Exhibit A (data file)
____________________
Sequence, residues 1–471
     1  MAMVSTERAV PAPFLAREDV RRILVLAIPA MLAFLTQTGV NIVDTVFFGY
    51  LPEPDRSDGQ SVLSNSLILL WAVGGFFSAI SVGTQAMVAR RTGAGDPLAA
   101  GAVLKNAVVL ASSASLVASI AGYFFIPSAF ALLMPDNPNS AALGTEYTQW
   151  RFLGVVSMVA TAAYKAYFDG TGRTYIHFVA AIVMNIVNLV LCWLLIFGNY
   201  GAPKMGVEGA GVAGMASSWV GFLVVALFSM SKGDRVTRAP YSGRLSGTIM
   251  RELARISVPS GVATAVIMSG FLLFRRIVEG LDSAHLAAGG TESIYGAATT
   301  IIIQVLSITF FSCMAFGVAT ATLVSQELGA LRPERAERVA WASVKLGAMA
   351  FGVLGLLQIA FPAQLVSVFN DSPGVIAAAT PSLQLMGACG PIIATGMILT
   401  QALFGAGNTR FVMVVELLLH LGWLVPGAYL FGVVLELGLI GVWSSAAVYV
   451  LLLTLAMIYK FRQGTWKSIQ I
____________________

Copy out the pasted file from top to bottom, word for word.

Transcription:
Sequence, residues 1–471
     1  MAMVSTERAV PAPFLAREDV RRILVLAIPA MLAFLTQTGV NIVDTVFFGY
    51  LPEPDRSDGQ SVLSNSLILL WAVGGFFSAI SVGTQAMVAR RTGAGDPLAA
   101  GAVLKNAVVL ASSASLVASI AGYFFIPSAF ALLMPDNPNS AALGTEYTQW
   151  RFLGVVSMVA TAAYKAYFDG TGRTYIHFVA AIVMNIVNLV LCWLLIFGNY
   201  GAPKMGVEGA GVAGMASSWV GFLVVALFSM SKGDRVTRAP YSGRLSGTIM
   251  RELARISVPS GVATAVIMSG FLLFRRIVEG LDSAHLAAGG TESIYGAATT
   301  IIIQVLSITF FSCMAFGVAT ATLVSQELGA LRPERAERVA WASVKLGAMA
   351  FGVLGLLQIA FPAQLVSVFN DSPGVIAAAT PSLQLMGACG PIIATGMILT
   401  QALFGAGNTR FVMVVELLLH LGWLVPGAYL FGVVLELGLI GVWSSAAVYV
   451  LLLTLAMIYK FRQGTWKSIQ I